Ready to give up

lostlaura99

New Member
Well, the Judge likely wont force ex to take her but he could. More likely he can force daughter to get treatment whether ex likes it or not. Judge has more power than what an ex wants, especially if the child is so sick. I would gather documentatuon from school and mental health professionals and present that in court. Do try to get a lawyer. Does daufhter have a GAL?

Your daughter needs help. Your son is fine. Neither child should be pulled from your actual custody. My friends retained custody of their son. He just lived in a residential treatment home. He did get to visit as did they him

Just a question. Has your daughter ever been tested for autustic soectrum disorder? Did she speak late, does she like repetition, does she rage at change, does she know how to socialize, does she have odd quirks like rocking or hand flapping, does she repeat what you say or what the television says, does she tend to be clumsy? Is she sensitive to noise, touch, feel, taste? Does she have a great rote memoey but abstract thinking confuses her?

If any of that rings true I would forget a psychiatrist for now and take her for a neuro psychological exam (this is a specialized psychologist, not a neurologist) and have a complete evaluation. My son had ten hours of testing. He is doing well at 25. He is on the spectrum and doing well on his own. You can find neuro psychologists at university hospitals and childrens hospitals.
The trouble is - when we take her to be evaluated she refuses to participate so they struggle to diagnose. I do see that she can’t handle change, can’t socialize well, and is very irritated by certain tastes or textures.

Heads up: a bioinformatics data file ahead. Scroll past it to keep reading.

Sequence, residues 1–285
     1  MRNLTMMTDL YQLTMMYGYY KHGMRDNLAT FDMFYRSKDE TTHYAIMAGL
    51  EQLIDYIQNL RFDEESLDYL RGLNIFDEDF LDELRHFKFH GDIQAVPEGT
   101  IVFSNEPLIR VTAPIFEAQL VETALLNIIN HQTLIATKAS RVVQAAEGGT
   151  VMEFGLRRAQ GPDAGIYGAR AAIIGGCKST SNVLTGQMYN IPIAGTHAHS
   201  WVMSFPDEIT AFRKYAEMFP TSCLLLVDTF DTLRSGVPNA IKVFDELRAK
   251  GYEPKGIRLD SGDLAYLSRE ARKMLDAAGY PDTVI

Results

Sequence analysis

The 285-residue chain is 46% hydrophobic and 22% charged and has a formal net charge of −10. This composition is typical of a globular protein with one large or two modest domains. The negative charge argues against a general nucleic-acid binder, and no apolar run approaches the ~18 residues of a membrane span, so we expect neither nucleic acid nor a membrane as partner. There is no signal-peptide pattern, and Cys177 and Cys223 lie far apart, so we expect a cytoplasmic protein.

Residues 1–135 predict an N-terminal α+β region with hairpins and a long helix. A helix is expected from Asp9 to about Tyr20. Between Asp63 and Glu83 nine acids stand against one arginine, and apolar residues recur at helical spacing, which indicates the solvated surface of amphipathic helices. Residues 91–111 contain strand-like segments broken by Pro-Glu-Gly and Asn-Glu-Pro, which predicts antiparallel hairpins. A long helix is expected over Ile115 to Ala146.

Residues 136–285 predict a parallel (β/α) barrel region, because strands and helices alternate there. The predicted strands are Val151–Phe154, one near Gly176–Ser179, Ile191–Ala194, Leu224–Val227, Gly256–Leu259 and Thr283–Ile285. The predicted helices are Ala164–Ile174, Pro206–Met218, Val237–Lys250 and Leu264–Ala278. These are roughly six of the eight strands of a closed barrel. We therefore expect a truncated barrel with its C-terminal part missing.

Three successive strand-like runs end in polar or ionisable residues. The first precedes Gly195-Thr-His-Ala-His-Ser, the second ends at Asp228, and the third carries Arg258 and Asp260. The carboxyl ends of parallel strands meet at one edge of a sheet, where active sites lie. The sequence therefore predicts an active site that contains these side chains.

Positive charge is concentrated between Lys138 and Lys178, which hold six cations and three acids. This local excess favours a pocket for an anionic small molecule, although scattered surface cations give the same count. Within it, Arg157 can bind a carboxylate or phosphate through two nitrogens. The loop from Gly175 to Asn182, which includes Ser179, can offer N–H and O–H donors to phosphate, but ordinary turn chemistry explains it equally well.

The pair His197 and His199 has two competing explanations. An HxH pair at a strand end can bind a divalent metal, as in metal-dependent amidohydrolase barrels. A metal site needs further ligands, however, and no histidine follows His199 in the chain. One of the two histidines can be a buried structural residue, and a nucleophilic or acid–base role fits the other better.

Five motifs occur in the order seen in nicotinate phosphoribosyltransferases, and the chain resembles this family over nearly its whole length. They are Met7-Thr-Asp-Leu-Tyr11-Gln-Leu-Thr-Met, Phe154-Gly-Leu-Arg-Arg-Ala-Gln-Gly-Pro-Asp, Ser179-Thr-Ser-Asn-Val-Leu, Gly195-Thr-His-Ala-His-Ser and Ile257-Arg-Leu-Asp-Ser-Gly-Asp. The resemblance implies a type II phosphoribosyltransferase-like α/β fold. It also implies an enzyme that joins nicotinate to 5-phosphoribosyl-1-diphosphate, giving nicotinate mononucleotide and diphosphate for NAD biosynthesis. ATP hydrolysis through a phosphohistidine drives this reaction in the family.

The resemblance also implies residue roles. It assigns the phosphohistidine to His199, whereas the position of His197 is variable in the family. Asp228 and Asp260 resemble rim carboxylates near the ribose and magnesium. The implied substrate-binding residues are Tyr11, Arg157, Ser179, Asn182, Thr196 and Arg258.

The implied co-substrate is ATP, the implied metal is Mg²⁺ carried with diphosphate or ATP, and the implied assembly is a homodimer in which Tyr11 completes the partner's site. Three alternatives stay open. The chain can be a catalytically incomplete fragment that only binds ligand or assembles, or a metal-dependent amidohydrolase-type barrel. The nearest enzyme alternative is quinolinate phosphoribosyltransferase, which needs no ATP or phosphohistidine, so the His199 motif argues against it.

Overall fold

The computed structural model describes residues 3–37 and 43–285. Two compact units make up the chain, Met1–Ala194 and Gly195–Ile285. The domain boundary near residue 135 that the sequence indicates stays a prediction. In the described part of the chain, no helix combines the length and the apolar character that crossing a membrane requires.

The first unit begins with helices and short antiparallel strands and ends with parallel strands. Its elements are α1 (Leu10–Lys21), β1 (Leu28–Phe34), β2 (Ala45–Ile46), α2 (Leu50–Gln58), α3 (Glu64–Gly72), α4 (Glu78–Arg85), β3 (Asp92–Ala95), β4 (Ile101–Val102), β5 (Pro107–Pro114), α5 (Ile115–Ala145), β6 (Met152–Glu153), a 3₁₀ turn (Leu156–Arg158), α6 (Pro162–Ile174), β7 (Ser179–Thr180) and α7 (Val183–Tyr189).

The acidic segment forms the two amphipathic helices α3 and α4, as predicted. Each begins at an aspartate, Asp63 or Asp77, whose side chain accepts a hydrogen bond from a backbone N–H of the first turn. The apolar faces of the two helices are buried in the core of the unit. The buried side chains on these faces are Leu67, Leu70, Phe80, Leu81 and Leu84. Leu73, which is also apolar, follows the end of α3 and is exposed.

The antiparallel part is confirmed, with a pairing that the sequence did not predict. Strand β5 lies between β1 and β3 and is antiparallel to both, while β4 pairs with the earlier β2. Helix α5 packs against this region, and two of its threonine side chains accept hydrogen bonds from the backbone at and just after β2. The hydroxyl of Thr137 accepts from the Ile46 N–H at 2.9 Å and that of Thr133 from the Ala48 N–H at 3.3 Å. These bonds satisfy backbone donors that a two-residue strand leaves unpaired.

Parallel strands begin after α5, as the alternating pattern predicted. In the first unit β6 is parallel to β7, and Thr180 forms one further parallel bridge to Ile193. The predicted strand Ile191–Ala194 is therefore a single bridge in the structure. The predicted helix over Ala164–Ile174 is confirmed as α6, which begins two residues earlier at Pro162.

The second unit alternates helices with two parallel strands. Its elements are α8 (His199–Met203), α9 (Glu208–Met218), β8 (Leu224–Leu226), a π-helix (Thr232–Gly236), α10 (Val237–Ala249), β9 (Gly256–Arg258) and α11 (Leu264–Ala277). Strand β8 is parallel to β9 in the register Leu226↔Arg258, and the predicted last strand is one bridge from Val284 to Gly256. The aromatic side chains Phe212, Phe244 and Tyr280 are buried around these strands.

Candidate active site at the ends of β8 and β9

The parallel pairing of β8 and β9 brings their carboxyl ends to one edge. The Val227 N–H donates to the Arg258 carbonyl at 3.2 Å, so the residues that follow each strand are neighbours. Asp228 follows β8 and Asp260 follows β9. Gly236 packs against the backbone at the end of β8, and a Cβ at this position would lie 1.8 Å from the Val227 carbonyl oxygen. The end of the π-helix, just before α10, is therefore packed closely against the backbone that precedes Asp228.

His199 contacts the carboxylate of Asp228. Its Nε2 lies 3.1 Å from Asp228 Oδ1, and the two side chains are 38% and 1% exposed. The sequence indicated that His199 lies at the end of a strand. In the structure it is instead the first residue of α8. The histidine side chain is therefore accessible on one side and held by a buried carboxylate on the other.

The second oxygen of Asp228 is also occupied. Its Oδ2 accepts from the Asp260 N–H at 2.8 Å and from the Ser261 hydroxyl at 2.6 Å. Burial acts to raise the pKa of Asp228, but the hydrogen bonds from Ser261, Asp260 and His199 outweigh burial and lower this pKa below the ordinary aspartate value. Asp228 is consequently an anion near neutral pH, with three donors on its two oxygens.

ForeverSpring

Well-Known Member
The neuro psychologist will carefully watch her reactions to things and can diagnose disorders that way. Sounds like at the very least she has sensory sensitivity. Id still take her. Neuro psychs are as much about observation as talking. Talking is more therapists and she may not need a therapist. Autism is a neurological glitch that is very treatable, but if she has it, she needs interventions.

My son was not talky and we had to cut the tags off of his shirts and he wouldnt and still wont eat certain foods. He talked late. He would meltdown if we had to interrupt what he was doing. But he improved 90 percent with interventions. Worth a try. This cant go on and you arent getting help from therapists.
 
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Copabanana

Well-Known Member
Hi laura

I recollected something about my own life that happened more than 50 years ago which had nothing whatsoever to do with you. I spoke to the way I felt about my own mother in a specific and fleeting interaction when I was an adolescent.

And you responded this was unsupportive to you.

That another female decades older could as a child have felt overwhelmed about her life, misunderstood and unsupported, was something you are taking as critical of you.

Is it beyond possibility that your own daughter is feeling something similar? Either to me or you? And that she deserves to have a voice? We, all of us, are not so different. In our needs and feelings.

Your daughter may need something. Sometimes anger is an expression of need, in the only way that feels possible.

We are all of us alike. We seek to be included. To be heard. To be close. Cared for. Valued. Nurtured. Responded to. Considered.

You. Me. Your daughter. My mother. Each of us.

There is support here for you. And for your daughter, too. I hope you keep posting. It helps.
 
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